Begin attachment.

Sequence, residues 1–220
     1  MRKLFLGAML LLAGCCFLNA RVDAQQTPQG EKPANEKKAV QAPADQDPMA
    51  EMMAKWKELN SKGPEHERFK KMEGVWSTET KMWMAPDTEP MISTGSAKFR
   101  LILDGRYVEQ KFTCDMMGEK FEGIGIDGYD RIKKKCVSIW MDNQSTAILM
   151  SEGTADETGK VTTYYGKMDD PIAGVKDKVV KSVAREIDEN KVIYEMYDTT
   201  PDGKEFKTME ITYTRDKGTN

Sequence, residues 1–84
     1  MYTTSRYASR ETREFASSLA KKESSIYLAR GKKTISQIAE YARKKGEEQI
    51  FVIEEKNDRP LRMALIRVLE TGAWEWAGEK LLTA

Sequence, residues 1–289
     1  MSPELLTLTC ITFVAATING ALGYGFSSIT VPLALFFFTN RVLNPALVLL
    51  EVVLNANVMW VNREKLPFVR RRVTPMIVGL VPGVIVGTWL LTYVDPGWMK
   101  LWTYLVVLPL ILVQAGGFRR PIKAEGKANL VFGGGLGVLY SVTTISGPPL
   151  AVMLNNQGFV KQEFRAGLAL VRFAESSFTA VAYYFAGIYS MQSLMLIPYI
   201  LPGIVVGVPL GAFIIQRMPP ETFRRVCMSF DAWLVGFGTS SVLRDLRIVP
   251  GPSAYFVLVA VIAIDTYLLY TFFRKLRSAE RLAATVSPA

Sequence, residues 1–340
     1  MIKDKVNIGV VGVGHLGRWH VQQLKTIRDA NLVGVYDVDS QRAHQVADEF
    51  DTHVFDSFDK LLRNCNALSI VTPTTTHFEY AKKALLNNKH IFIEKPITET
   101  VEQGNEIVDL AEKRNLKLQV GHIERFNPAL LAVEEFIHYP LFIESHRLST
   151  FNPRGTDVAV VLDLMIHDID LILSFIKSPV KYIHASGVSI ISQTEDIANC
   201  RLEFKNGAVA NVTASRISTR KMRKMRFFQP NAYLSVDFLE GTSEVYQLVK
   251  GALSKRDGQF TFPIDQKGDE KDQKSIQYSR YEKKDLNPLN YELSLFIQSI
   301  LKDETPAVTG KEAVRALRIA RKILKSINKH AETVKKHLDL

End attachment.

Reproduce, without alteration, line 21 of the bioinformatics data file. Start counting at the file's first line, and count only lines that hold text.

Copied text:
   151  FNPRGTDVAV VLDLMIHDID LILSFIKSPV KYIHASGVSI ISQTEDIANC